It probably did become a bit too whimsical as time wore on, Rip. The Gale episodes were more serious, but they were largely studio-bound, I think, and perhaps seem a little dated for that.

John Pitt said...

Even though I preferred Tara King, the Emma Peel series had the slight edge. My favourite episodes were The Cybernauts (Peel) and Return Of The Cybernauts (King).

Kid said...

What? No mention of The Winged Avenger?

DeadSpiderEye said...

Yeah Tara King was pretty saucy, the rest of the show was going down hill though, I mean, 'Mother' flippin' eck.

By coincidence, this is the episode that made an impression on me. I don't think I've seen it since but I recall it being pretty tense and quite twisted.

Colin Jones said...

I was only just over 2 weeks old when that episode was originally shown and I've never seen the original Avengers but I remember the New Avengers very well. About ten years ago I was talking to my mother and for some reason Diana Rigg was mentioned and she said "oh. from the Avengers" which really surprised me as I didn't know she'd even heard of the show - it just shows how strongly associated Diana Rigg is with her role as Emma Peel. Having a burly man standing in for Ms. Rigg must be the worst body double ever !!

Kid said...

DSE, yeah, I always thought 'Mother' was ridiculous too. (A nod to Bond's 'M' perhaps?) The writers and producers say that they knew it was going to be the last series so indulged themselves by deliberately going over the top.


The show was pretty big, CJ - I'd have been surprised if your mother HADN'T heard of it. You can see the episode on YouTube by the way.

TC said...

IIRC, "The House That Jack Built" was done in a surreal style, and was played more for suspense than action.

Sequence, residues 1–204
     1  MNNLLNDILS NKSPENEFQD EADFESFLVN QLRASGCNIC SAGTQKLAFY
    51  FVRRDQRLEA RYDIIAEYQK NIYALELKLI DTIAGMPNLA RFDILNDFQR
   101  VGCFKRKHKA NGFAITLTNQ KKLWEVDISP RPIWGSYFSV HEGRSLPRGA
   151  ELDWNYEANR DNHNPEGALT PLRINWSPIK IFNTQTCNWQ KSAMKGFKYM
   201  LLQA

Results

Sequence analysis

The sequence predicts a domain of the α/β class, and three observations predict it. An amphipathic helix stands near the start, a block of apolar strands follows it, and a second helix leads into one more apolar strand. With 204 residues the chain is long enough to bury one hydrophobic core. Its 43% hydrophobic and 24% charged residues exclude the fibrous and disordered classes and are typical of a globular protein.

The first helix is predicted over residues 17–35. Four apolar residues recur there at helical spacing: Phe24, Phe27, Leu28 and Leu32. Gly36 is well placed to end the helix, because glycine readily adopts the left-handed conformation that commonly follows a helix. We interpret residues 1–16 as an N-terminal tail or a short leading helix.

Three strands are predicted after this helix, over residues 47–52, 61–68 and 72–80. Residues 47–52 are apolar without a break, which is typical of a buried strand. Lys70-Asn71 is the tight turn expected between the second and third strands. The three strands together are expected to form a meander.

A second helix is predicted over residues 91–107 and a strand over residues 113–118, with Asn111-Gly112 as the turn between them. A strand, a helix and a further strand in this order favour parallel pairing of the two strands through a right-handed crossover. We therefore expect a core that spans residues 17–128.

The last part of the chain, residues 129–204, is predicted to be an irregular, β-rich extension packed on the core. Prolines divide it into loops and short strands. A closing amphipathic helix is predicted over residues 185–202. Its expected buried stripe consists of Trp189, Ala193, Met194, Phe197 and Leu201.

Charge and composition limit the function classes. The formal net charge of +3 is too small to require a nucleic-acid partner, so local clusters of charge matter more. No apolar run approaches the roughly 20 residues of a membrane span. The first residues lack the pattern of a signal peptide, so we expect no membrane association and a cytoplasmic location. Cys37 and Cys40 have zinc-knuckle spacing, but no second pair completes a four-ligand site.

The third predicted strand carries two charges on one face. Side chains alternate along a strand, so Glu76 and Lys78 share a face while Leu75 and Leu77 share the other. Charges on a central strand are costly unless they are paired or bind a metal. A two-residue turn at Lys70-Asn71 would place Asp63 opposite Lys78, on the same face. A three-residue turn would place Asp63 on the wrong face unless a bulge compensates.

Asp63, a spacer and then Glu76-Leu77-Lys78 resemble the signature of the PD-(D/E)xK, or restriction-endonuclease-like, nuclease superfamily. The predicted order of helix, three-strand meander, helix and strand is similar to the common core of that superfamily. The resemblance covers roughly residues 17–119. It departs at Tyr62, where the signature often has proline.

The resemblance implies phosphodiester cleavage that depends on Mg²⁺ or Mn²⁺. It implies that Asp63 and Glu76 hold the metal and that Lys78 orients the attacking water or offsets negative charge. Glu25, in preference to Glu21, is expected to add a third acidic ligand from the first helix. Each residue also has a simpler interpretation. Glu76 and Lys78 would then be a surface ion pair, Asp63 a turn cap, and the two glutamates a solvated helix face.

It seems like a lot of action-adventure series (Voyage to the Bottom of the Sea, Lost in Space, The Man from U.N.C.L.E., The Wild Wild West, and The Avengers) started out being played fairly straight, then got increasingly campy and silly as time went on. They seemed to go over the top in 1966-67, when the camp fad peaked. It was the year of Batman, Modesty Blaise, Matt Helm, and Our Man Flint. Then the fad passed, and most of those TV shows tried to tone it down. By then, though, the damage was done. Or maybe those shows had all run their course anyway. "The Winged Avenger" was obviously a spoof of the whole Batman/campy super hero fad.

I remember seeing "Thriller" in syndicated reruns ca. 1970. IIRC, the local TV station was also running "Alfred Hitchcock Presents" reruns, too. Offhand, I don't remember specific episodes. And if I did, I might get mixed up as to which episodes were on which series.

Kid said...

Apologies, TC, I published several comments across different posts at the one time, then forgot to come back and respond to yours. THTJB certainly had suspense, and allowed Diana to carry the episode mainly on her own. It's an interesting question to wonder if the camp style hurried some shows to their demise or had, as you say, simply run their course. Maybe a bit of both, eh?

I don't recall seeing Thriller, but it's always possible. I'd have to see the titles and then maybe they'd prompt my memory.

Kid said...

In my response to Ken, it should read 'Patrick MacNee looking the same", not 'looming'.